Formal SRE studies really began in the 20th century, by which point psychiatrists and sex researchers acknowledged SREs as normal for boys and men of all ages. In the 1930s, German scientists monitored SREs in baby boys, nine “three-to-20-week-old completely undressed male infants with diapers spread out smoothly beneath their buttocks,” who frequently woke up when SREs occurred. A decade later, different Germans published a two-part study in which they measured SREs during nighttime and daytime rest. They found that erections occurred every 85 minutes, on average, and lasted for about 25 minutes. They, too, found a strong link between spontaneous awakenings and the observed erection cycle.
A few years later, US researchers realized that erection cycles synced up with REM sleep. Ivan Aserinsky and Nathaniel Kleitman noted the pattern in 1955, two years after the duo discovered REM sleep at the University of Chicago. Then, in 1965, the New York brain physiologist Charles Fisher devised three experiments to study SREs in action. In the first method, Fisher placed a donut-shaped tube, filled with water, around the base of the penis. The second method measured penile-skin temperature. And the third involved a silicone tube and a mercury gauge. All three methods shared the same flaw: The devices (one of which was speculated to be an artificial vagina) might themselves cause erections through penile stimulation. How could Fisher reliably distinguish between bulges of arousal and true SREs? So, Fisher and colleagues took a back-to-basics approach, and monitored penile movement in men sleeping underneath clear sheets, free of clothing and genital contraptions.
The Heyday of Hard-on Research
Plainly observing and rating the intensity of SREs, explained van Driel, was also the method of choice in the ’60s and ’70s for Ismet Karacan, the true pioneer of SRE research. Through lab experiments, the psychiatrist deemed SREs as unrelated to erotic dreams. And, as men get older, Karacan found, they have fewer and shorter SREs, which happen later in the sleep cycle and may occur outside REM sleep (a rarity among youngins).
Karacan also floated the idea of using SREs to diagnose erectile dysfunction as either psychological or physiological. While he emphasized the value of performing tests in a sleep lab, more cost-effective methods took over in the ’80s. The popular stamp test, for example, involved wrapping a roll of stamps around the penis before bedtime. If the roll ripped overnight, then SREs had gone down (and up), suggesting erectile problems were mental. If the roll remained in-tact, then the dysfunction was presumed to be physical.
The mental-versus-physical debate has died down, said van Driel, as most doctors now see the distinction as irrelevant. But this shouldn’t be a revelation. Researchers had noted that psychological and lifestyle factors adversely affect SREs decades earlier. One big variable? Sleep, and the lack of it. In the ’60s, German researcher Uros Jovanovic said sleep quality and slumber wood went hand in hand, writing: “Good Sleepers and Good dreamers have the best SREs, while poor sleepers but good dreamers take the second place. Good sleepers and weak dreamers have the third place; the weakest SREs are observed in por sleepers and poor dreamers.”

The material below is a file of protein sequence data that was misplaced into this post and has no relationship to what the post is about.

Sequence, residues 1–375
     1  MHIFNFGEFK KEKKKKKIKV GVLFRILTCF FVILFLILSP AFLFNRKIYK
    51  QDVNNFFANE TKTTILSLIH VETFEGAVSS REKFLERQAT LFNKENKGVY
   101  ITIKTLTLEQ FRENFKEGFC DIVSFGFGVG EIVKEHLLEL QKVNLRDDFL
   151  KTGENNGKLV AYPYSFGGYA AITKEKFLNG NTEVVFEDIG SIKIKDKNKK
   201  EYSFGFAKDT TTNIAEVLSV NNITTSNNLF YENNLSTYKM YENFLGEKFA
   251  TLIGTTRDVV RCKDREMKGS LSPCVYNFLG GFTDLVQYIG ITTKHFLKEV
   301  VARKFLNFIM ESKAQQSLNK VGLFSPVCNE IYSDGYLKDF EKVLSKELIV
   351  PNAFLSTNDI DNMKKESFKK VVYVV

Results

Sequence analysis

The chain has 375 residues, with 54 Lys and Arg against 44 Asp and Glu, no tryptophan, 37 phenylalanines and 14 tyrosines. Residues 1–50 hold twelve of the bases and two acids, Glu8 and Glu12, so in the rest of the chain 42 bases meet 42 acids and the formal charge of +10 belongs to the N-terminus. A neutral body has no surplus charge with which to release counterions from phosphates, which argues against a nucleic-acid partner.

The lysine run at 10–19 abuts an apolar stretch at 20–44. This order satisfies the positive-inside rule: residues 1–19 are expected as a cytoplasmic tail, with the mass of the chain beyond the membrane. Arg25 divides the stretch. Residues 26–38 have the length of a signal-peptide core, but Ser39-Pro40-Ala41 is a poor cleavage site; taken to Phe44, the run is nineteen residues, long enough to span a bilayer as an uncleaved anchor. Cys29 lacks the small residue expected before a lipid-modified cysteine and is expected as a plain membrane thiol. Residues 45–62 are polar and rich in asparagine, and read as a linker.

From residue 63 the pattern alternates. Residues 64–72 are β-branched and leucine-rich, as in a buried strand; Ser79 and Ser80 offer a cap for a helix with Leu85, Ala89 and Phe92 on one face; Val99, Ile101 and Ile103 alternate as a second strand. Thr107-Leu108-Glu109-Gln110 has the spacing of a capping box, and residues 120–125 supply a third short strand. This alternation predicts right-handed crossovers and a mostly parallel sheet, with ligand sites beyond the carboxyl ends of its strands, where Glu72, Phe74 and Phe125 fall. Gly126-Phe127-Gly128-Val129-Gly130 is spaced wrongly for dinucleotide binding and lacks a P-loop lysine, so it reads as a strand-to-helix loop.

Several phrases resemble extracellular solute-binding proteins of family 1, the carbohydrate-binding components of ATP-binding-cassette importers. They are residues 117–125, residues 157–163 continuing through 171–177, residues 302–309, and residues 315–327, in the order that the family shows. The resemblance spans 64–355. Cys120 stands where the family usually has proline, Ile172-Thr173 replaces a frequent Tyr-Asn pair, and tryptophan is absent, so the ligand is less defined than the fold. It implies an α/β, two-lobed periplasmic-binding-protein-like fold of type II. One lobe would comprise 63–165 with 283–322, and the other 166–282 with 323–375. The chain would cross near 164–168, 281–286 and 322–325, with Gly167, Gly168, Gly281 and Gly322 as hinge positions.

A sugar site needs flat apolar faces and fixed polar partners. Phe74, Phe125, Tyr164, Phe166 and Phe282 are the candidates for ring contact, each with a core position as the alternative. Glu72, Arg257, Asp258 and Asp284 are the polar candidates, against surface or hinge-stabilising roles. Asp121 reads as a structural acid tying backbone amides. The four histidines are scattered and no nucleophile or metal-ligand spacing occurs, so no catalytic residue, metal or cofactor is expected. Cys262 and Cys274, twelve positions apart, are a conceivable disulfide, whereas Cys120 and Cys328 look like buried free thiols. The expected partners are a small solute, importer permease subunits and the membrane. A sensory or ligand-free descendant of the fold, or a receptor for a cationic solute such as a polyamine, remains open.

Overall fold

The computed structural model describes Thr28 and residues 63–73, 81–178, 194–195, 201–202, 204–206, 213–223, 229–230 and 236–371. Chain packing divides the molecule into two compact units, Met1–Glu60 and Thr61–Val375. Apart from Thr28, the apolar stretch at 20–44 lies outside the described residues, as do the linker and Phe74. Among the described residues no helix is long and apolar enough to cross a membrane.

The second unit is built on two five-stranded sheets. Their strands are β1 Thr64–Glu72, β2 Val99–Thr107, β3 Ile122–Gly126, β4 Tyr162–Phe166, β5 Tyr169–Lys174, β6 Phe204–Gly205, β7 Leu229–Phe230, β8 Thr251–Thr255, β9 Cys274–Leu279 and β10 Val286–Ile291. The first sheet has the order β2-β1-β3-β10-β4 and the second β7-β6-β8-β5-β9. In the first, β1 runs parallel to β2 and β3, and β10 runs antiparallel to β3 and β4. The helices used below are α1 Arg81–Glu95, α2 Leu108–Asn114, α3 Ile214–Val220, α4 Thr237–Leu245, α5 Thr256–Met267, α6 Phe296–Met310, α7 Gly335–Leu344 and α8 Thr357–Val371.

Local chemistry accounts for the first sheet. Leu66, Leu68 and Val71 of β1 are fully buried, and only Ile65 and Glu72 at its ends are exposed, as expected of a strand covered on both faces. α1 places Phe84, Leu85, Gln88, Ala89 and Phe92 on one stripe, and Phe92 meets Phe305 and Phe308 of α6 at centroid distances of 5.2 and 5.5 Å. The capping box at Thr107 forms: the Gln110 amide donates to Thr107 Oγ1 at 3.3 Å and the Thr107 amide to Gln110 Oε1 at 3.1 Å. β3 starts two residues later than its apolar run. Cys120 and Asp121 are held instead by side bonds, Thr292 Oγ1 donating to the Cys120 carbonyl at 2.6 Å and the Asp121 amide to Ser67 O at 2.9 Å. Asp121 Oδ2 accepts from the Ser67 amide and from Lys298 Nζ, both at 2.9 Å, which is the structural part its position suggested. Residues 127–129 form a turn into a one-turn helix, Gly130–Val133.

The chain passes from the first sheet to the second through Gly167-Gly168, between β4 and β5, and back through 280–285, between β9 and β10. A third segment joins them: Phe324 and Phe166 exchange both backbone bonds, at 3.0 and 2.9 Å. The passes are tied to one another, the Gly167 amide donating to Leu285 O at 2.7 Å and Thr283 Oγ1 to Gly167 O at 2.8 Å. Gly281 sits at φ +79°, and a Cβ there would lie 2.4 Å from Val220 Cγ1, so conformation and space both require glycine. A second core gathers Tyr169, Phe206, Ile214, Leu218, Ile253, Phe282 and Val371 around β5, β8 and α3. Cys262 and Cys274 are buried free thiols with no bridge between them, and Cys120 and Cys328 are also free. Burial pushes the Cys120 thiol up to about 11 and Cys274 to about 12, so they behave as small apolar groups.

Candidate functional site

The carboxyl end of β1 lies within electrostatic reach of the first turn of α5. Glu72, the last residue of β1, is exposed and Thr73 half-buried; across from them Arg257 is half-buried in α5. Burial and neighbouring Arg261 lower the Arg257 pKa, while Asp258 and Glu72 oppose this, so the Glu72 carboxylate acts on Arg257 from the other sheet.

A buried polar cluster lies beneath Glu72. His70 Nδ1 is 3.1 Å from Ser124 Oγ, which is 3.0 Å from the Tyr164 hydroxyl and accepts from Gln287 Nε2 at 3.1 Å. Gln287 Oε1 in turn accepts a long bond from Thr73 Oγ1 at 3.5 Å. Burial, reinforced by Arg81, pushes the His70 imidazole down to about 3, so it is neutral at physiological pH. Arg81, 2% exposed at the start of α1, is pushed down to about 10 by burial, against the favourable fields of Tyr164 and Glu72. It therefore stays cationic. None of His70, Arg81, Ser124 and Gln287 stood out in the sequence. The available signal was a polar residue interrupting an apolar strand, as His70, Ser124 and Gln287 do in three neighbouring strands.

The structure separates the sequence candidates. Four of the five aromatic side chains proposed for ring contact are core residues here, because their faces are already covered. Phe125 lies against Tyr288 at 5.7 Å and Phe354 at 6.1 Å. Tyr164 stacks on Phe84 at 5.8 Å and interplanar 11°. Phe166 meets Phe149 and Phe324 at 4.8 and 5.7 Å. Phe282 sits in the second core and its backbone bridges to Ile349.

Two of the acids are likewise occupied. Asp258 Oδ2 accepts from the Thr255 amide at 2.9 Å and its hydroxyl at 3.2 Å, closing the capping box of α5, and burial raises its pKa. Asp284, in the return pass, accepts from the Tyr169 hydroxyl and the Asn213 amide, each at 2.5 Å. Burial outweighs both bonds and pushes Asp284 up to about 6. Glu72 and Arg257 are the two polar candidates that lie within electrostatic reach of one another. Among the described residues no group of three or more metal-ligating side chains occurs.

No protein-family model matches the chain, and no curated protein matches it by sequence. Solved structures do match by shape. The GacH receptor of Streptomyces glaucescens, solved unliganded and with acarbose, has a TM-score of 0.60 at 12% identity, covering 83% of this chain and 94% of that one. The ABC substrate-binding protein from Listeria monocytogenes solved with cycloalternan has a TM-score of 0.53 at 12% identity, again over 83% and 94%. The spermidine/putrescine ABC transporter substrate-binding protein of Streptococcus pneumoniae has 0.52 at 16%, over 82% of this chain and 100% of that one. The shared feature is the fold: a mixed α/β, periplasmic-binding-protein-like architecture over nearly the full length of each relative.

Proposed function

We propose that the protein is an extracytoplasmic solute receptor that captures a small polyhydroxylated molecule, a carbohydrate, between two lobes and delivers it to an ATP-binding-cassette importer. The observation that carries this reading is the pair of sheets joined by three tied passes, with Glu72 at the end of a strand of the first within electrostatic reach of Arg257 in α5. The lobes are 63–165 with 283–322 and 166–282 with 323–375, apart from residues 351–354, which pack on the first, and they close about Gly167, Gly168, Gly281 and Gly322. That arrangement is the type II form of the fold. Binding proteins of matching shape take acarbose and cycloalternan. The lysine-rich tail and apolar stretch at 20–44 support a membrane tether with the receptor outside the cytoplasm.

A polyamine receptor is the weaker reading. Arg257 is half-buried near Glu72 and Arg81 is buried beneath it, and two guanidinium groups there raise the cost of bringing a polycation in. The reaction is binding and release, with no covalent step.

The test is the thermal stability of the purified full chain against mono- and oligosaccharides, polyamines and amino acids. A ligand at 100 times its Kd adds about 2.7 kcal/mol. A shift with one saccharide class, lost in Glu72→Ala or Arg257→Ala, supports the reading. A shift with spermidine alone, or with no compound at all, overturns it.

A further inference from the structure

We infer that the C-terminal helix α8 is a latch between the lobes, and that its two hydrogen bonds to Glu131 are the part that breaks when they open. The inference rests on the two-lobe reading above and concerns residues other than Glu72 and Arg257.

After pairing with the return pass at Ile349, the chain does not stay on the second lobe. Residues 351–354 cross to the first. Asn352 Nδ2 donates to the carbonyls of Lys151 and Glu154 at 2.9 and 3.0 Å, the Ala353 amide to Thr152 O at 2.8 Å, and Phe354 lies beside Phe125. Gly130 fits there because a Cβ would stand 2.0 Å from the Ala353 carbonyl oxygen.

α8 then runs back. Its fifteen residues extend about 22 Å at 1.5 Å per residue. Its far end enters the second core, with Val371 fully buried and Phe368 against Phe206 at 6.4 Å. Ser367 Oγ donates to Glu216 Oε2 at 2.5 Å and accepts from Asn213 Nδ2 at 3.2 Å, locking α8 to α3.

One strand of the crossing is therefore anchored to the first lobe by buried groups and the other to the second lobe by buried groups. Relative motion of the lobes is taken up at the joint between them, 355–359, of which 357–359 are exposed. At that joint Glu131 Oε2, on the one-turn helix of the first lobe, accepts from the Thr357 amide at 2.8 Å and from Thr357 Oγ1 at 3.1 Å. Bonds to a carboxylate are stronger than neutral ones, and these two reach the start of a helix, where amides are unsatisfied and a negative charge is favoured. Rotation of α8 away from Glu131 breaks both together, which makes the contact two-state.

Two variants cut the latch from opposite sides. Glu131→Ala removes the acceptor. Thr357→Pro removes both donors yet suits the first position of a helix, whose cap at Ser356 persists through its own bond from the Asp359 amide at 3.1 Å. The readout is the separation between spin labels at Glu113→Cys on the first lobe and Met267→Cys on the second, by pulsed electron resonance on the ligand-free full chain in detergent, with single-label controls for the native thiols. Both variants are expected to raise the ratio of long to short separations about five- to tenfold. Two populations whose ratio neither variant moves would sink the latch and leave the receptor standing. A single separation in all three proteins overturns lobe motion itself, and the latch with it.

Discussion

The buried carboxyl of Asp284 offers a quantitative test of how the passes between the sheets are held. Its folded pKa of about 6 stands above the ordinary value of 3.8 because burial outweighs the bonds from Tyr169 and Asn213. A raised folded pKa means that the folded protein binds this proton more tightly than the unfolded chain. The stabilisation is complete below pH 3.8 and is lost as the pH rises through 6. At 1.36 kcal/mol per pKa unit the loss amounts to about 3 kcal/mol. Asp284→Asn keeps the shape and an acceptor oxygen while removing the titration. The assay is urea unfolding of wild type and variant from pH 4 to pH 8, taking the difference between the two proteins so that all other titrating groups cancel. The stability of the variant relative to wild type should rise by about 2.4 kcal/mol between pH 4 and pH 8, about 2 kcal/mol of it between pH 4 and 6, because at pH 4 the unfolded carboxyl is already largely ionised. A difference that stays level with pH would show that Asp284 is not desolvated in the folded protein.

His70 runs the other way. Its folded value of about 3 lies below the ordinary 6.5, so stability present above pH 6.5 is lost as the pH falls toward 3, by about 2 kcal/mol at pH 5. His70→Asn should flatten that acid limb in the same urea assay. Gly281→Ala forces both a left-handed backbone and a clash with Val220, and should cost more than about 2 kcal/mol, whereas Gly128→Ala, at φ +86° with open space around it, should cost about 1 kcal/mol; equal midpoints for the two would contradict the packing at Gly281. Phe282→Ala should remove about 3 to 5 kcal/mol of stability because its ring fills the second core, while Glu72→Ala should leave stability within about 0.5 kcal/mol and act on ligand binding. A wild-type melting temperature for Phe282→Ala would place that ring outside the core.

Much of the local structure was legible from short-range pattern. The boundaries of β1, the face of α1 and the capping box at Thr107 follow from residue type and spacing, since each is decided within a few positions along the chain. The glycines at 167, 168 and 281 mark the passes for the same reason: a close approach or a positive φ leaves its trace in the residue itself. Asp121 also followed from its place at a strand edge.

What We Know Today
Through neuroimaging tools, sleep tests (i.e., polysomnography, or PSG) and other physiological measures, experts have learned that SREs peak (in duration and intensity) during puberty. Teen boys spend about 30 percent of the night with SREs, a figure that falls by 20 percent for men in their 60s. But, the purpose and neurophysiological roots of SREs are still up for debate. Leading sexologists, sleep specialistis, urologists and psychiatrists have theories, but no definitive answers. In the ’90s, Harvard researchers proposed that SREs improve oxygen flow to penile tissue and help maintain normal erectile responses. Basically, low oxygen availability might contribute to erectile dysfunction, an idea supported by research on mountain climbers.
The brain basis of boners is another doozy. According to the theory of context-specific erectile dysfunction, van Driel wrote, “it may possible that several different areas of the brain contribute to the occurrence of erections in different contexts.” This would mean that separate “specialized higher central structures” are responsible for different types of erections, such as SREs, erections caused by sensory stimulation (touch, smell, sight) and “mental” erections sparked by memory or fantasy. The journey has been a long and hard one, but we’ve gotten there. Sloners!